Wesley Felter 11/12/04 04:59:21 PM EST

I wouldn't be surprised if Solaris becomes LSB-compliant; then they can claim that it's "better Linux than Linux" and cheaper than RHEL at the same time.

Rosco P. Coltrane 11/12/04 04:56:25 PM EST

"Linux is something that we'll have to interoperate with because it may exist far beyond whatever Solaris turns out to be"

meaning, SunOS/Solaris has no future, Linux does, so we'll morph the former into the latter.

4of12 11/12/04 04:54:58 PM EST

Sun seems to view Linux somewhat grudgingly,

Somehow I'm reminded of the imperious Ken Olsen of DEC dismissing UNIX in the late 1970's despite the popularity of his company's computers being used in all kinds of UNIX niches. A very different alternate reality might have developed if (a) Ken Olsen had jumped onto UNIX and (b) successfully put it onto desktop PCs early on.

I owe a debt to Sun; my Linux experience isn't where it would be if Sun hadn't contributed so much to UNIX standards.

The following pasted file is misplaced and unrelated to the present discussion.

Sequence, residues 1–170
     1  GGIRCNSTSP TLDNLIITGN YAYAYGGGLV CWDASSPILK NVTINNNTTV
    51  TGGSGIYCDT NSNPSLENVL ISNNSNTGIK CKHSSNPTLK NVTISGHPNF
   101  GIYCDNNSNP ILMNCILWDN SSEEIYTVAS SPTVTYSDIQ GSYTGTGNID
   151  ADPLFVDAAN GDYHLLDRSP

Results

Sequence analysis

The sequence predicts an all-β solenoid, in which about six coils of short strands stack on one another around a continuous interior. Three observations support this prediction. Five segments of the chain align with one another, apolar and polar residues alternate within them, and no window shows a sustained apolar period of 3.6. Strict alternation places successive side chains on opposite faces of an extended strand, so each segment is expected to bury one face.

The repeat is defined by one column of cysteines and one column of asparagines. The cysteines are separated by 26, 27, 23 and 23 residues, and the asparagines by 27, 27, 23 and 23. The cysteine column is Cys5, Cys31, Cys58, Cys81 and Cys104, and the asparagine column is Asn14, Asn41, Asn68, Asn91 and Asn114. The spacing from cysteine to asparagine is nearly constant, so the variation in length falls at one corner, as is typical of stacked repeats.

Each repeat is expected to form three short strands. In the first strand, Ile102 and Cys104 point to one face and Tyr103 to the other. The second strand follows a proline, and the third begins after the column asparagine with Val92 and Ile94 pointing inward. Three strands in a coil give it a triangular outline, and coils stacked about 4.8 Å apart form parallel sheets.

They could do it again, or sit back while Novell does it instead of them.

SunOS 11/12/04 04:26:35 PM EST

Red Hat has become more and more proprietary...

Yeah, thats why every single bit shipped with Red Hat comes with source code, and yet Solaris is closed source. Idiot.

HiThere 11/12/04 04:23:26 PM EST

Sun has been quite schizophrenic about Linux for years. They have done good things and bad in roughly equal amount. They've said good things and bad in roughly equal amount.

The result of this is that while I don't really consider them an enemy of FOSS, I sure don't feel they can be trusted. I'd rather trust MicroSoft. At least with MicroSoft you KNOW that they are intending to 0wn your soul, your pants, and everything in between. So you can understand what they mean. With Sun you haven't got a clue, and the best evidence is that they don't have a clue either.